Dividends are not paid with sales, earnings, EPS, EBIT or EBITDA. Instead dividends are paid with cash. As an investor, you want to pay close attention to the cash flow statement. Unfortunately, it is probably the least used and most misunderstood statement.
Ultimately, cash flow is what drives the value of any financial asset. The reason analysts look at revenue, EPS, EBIT, EBITDA and margins, they are trying to estimate the level of cash the company will generate in the future.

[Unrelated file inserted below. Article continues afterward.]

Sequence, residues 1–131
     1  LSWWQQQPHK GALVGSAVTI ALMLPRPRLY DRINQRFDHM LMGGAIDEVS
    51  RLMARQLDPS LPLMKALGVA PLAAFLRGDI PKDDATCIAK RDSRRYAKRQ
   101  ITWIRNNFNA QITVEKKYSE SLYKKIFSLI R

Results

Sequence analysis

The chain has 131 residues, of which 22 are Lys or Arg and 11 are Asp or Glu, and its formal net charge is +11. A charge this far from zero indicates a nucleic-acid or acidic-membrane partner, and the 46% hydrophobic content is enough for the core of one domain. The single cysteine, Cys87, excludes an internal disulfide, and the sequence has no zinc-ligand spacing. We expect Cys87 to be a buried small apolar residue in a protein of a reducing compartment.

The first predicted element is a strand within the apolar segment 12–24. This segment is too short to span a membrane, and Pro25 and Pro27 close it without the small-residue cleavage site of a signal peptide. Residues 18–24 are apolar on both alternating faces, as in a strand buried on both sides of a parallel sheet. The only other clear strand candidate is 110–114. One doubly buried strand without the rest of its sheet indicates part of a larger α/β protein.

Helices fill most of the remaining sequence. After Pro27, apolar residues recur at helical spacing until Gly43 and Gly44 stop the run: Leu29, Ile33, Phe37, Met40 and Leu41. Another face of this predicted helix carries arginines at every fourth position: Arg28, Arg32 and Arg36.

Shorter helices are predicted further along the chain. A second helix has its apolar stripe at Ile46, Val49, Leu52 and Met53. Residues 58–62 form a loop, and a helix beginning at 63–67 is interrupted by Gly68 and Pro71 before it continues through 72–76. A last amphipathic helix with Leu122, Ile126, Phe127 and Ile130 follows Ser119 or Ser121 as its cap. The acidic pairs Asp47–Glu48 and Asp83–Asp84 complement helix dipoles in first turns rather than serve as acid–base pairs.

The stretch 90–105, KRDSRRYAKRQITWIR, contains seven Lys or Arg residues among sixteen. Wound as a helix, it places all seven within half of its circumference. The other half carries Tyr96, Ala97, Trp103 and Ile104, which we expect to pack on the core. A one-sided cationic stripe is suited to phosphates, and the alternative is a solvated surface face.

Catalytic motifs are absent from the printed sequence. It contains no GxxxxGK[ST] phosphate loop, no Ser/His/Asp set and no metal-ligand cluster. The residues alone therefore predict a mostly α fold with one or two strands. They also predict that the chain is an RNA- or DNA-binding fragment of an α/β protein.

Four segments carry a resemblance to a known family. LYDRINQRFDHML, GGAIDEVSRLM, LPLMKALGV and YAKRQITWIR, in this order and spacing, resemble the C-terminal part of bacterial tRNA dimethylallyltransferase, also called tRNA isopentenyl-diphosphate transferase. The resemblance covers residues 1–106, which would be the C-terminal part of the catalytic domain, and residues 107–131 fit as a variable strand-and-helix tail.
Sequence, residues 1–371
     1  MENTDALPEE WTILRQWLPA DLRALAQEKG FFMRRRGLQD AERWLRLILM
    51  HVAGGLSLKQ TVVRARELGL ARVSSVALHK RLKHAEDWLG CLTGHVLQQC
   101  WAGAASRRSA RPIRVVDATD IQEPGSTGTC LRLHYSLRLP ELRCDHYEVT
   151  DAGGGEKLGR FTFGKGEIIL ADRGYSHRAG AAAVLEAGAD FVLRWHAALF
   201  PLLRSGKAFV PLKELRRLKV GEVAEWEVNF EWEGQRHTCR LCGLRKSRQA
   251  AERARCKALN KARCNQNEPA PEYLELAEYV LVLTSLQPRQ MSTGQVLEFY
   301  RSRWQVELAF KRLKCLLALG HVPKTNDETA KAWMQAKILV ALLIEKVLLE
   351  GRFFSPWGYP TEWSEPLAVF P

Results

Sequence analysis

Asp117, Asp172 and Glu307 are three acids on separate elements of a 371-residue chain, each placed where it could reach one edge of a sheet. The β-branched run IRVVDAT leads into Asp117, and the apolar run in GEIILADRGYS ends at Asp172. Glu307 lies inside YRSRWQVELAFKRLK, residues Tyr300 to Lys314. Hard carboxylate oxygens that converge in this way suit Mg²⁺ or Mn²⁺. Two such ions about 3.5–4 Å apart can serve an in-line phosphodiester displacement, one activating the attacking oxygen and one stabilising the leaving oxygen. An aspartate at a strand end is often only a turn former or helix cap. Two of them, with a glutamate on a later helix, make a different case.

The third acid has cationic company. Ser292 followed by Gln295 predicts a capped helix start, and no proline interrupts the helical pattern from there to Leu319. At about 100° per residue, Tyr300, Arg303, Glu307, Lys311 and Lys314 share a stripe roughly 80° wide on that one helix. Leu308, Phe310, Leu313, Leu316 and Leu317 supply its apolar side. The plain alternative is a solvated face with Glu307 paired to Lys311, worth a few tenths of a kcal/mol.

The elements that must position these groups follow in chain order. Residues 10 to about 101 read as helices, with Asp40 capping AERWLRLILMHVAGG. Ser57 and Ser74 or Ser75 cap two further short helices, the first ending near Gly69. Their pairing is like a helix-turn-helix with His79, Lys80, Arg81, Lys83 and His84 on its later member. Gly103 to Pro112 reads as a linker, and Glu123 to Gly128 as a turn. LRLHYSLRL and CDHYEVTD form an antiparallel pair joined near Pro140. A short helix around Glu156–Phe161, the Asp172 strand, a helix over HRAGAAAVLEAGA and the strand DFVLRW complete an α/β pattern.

Dividends In Downturns
When a company consistently generates more cash than it uses, it is able to increase dividends paid, buy back shares, reduce debt, or acquire other companies. However, as we learned in the 2008-2009 economic downturn, businesses sometimes go through lean times.
When the economy slows, investors in dividend growth stocks not only expect their dividends to continue, but they also expect them to continue to grow. Some companies do it with debt or by issuing shares.
However, some really fortunate companies are able to access the cash from an unusual place… directly from their balance sheet.